7uongo, Reboundo Luongo, you name it, he's heard it this season.
After winning a gold medal for Team Canada, some detractors changed their minds and felt that Roberto Luongo could win 'the big game', but 10 games into another post-season, the Canucks and their netminder are floundering.
In their second round series against Chicago, the poor statistics are endless. Head Coach Alain Vigneault called Luongo 'the second best goaltender on the ice' tonight when asked about his performance.
Luongo has allowed 7 goals again this evening in a 7-4 loss. 4 of those goals were on the powerplay, making it 6 power play goals against in the last two games.
Luongo has given up 13 goals in his last 7 periods and seems unable to deal with Dustin Byfuglien, Patrick Kane and Jonathan Toews.
Quite simply, Luongo has not been good enough. Blame the referees, blame the penalty kill, blame the defense, but the real problem lies with the Canucks' best player not playing like their leader and best player. The Canucks simply need more from Luongo.
While other teams remaining in the playoffs such as Montreal, Pittsburgh, Boston, and Chicago enjoy solid performances from their goaltender, the Canucks have yet to have their goaltender steal them any games this post-season.
Luongo had some timely saves against Los Angeles in Round 1 but was relatively average otherwise. For someone who is touted as arguably the best goaltender in the world, he isn't playing like the best goaltender in the playoffs right now, and not even the best goaltender in the series.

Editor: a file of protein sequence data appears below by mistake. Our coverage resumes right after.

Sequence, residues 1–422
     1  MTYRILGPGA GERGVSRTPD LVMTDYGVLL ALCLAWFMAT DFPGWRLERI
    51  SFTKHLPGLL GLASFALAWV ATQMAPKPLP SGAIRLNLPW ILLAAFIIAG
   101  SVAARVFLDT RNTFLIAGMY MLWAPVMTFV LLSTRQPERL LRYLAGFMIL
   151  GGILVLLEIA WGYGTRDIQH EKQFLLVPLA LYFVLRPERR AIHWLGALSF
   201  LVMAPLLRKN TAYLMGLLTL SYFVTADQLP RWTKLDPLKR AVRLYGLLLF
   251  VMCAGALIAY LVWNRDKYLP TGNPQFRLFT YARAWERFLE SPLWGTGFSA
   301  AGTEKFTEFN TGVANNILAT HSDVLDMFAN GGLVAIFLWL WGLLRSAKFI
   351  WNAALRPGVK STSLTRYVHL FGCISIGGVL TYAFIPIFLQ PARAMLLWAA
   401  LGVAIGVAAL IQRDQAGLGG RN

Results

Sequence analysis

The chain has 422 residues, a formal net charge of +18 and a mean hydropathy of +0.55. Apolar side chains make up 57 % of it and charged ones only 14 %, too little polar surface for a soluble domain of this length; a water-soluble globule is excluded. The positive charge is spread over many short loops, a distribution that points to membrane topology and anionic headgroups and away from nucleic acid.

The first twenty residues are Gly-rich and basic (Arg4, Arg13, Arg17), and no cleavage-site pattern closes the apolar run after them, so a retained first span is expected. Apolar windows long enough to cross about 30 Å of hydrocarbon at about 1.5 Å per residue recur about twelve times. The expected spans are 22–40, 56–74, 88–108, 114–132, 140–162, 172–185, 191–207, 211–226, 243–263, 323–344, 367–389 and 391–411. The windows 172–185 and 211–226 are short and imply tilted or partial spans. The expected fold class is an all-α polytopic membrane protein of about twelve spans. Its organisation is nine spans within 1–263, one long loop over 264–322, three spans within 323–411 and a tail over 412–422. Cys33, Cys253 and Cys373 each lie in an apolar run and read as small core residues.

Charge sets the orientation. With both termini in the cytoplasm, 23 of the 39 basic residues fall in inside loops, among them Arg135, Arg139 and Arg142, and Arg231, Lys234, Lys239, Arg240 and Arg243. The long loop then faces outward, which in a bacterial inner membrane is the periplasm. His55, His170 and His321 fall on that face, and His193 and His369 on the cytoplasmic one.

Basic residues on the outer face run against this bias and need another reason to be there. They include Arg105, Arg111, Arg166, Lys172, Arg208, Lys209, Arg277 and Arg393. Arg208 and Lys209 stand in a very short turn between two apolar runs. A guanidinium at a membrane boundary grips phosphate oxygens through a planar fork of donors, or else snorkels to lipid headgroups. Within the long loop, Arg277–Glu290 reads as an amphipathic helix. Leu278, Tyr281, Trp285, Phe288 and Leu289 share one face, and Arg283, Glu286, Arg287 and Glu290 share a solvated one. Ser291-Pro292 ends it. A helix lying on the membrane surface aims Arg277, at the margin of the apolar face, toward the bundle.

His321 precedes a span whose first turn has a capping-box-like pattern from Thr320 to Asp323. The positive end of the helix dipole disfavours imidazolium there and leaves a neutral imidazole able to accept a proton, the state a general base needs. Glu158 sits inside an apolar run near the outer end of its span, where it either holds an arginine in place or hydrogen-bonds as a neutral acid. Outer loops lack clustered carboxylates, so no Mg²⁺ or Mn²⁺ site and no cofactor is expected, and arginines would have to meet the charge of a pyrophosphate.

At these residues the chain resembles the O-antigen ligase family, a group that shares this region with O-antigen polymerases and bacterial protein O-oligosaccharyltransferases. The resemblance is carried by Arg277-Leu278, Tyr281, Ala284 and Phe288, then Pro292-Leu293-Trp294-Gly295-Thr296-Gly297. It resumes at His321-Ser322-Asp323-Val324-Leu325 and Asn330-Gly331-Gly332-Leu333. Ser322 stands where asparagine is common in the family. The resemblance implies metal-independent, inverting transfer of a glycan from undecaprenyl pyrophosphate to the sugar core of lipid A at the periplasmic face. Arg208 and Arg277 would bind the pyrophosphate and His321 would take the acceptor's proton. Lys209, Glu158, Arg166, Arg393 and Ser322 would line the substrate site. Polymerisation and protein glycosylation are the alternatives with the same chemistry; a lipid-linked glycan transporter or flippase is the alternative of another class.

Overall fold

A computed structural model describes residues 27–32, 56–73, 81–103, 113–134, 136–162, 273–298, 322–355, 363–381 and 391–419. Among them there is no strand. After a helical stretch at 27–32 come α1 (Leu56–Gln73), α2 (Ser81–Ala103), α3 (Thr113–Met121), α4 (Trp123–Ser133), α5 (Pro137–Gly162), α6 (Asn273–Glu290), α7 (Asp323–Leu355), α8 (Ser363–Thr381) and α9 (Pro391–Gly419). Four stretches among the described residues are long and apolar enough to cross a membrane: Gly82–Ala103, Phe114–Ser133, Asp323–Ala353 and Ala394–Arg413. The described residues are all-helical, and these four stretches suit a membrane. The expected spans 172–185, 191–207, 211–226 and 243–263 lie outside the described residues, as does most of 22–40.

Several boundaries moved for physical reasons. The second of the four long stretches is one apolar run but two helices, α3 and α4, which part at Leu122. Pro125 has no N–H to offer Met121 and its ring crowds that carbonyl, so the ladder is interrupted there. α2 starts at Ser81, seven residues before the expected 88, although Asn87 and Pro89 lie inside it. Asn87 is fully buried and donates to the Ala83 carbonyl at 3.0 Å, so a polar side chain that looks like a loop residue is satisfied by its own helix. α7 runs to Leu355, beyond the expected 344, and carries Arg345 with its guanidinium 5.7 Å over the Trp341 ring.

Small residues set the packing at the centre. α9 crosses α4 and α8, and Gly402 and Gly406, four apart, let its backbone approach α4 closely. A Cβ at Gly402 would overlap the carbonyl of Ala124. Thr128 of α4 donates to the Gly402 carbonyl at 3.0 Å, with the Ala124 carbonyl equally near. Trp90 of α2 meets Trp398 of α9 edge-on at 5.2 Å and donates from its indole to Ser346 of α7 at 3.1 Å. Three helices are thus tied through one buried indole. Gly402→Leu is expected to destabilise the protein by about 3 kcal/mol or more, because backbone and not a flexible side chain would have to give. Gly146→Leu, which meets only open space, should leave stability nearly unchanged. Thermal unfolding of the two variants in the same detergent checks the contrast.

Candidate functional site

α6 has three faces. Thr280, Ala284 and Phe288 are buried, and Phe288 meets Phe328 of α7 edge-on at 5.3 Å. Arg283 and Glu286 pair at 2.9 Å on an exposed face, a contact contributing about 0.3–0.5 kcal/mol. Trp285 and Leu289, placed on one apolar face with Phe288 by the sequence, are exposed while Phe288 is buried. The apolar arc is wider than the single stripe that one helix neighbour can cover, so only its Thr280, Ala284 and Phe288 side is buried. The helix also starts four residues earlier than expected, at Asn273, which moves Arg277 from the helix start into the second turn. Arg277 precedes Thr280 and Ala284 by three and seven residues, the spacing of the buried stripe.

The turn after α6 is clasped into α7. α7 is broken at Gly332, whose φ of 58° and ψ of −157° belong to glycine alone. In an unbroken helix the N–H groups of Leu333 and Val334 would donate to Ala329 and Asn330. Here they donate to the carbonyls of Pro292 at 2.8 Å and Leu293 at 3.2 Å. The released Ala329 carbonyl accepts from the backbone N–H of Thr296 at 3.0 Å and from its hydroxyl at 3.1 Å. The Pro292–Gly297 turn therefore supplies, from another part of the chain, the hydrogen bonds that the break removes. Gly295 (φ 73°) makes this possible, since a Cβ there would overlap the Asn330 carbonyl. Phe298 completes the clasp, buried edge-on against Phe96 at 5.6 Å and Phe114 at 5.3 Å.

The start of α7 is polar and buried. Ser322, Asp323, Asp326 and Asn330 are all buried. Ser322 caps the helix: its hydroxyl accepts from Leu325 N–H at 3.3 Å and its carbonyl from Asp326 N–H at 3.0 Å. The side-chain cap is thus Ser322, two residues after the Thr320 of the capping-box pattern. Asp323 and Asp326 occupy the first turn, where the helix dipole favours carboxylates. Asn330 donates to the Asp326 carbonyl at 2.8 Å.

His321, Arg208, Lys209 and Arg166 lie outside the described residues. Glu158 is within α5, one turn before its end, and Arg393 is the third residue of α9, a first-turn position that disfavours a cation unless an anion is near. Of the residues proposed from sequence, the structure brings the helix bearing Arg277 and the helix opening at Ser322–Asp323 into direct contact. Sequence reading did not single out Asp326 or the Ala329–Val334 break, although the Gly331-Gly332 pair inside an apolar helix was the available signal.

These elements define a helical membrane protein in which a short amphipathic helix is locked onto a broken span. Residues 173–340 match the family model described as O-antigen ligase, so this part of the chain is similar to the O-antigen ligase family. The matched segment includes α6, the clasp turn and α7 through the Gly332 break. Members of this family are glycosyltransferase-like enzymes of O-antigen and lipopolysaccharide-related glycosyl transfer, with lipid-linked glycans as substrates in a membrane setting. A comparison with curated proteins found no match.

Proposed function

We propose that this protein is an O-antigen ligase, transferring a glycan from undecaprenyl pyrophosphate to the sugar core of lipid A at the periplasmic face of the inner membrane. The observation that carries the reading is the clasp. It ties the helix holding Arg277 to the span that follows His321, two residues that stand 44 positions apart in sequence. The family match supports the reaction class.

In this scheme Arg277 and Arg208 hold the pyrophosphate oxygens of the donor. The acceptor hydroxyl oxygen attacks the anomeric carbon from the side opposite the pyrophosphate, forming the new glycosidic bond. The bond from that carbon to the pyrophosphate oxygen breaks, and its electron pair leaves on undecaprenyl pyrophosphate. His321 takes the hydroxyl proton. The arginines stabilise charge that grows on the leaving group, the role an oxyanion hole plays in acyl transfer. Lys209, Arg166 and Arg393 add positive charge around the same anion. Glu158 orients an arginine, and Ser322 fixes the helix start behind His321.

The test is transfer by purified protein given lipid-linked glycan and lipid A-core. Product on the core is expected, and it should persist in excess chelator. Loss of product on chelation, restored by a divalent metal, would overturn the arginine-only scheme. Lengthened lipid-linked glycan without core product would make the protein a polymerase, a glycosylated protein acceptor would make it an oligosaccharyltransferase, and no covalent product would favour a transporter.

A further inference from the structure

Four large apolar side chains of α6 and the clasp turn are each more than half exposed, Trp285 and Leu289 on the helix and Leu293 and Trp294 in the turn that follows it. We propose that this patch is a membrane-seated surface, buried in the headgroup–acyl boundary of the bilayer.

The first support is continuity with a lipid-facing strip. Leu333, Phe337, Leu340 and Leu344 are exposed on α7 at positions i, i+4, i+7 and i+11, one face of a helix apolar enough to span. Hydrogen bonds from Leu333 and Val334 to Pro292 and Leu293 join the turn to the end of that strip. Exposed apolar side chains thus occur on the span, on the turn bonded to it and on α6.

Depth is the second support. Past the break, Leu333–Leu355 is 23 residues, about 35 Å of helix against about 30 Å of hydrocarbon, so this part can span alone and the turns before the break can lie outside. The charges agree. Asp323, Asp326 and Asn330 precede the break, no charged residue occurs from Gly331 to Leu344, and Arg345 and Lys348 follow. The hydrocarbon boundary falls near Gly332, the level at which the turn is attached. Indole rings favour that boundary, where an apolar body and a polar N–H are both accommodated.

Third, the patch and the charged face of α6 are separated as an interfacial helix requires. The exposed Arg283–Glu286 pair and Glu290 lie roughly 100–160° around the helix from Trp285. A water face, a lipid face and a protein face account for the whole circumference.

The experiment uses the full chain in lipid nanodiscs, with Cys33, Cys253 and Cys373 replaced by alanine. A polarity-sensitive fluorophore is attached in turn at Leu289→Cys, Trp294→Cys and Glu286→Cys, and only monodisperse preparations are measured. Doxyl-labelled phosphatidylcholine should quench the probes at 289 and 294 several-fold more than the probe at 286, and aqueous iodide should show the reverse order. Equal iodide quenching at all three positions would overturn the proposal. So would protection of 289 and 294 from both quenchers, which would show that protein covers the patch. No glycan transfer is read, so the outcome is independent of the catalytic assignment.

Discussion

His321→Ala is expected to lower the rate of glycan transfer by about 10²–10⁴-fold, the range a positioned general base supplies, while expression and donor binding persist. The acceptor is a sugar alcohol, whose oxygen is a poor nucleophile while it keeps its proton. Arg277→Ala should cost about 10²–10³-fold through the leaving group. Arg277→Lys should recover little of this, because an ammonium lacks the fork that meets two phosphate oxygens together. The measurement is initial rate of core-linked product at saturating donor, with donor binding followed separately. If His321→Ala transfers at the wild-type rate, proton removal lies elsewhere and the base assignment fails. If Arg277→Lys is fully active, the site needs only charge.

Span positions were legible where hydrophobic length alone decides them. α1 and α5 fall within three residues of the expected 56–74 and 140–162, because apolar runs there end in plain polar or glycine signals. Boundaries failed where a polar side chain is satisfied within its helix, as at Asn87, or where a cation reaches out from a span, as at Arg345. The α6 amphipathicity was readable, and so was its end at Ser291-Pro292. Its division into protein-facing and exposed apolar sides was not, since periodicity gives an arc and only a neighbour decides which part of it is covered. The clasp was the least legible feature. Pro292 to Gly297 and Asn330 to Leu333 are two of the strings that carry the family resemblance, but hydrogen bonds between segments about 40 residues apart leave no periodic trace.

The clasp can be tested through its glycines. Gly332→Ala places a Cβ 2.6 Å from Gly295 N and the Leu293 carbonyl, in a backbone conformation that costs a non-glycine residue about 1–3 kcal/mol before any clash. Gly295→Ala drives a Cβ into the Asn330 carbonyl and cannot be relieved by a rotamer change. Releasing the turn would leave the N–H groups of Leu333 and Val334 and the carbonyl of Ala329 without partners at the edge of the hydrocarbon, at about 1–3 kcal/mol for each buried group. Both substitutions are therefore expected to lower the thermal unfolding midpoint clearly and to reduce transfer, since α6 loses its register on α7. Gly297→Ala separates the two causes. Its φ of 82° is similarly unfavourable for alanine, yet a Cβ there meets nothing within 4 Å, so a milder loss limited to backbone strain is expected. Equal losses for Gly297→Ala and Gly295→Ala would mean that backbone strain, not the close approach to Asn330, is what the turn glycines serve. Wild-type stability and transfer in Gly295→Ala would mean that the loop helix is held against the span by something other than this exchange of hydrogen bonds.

The endless stream of rebounds and backbreaking goals in this series is burying the Canucks chances faster than the Hawks have been scoring on the power play. A captain should produce momentum changing plays and lead the team by example. Well, 18 seconds into tonight's game, Luongo forfeited a weak goal.
The second goal Luongo failed to fight through a screen, and the third goal he was not alert at all when a lucky bounce went the Hawks way. The fourth and sixth goals were bad rebounds and failed attempts to cover the puck, while the fifth goal was simply a timid Luongo far too deep in his net.
Game One aside, it just does not seem like the Vancouver team is capable of keeping the Blackhawks to less than 3-4 goals in a game. They cannot hold a lead, and when they fight back to tie the score, they take a penalty and give up a goal or two to fall behind once again.
For Canucks fans, their play has been frustrating and it begins and ends with their goaltender.
To make matters worse, Luongo is not demonstrating the composure or courage under fire you might expect from a captain. His frustration in net is evident and his inability to take accountability in post-game interviews is astounding to many fans.
How many times has Luongo said he has to play better? How many times in the playoffs has he accepted the blame for the penalty kill or a momentum changing goal? There is very little personal accountability from him and it may soon be too late.
While Vigneault might wish he could start Raycroft (who has played well this season) to give Luongo a rest or a wake up call, that obviously will not happen. Luongo is their guy. With a long-term contract and a large pay cheque, starting Raycroft is not even an option in the year's most important game. Therefore, the Canucks chances live and die with Roberto.
If Luongo struggles on Sunday and the Canucks season ends, what becomes of his captaincy? Should he forfeit the C to Ryan Kesler ?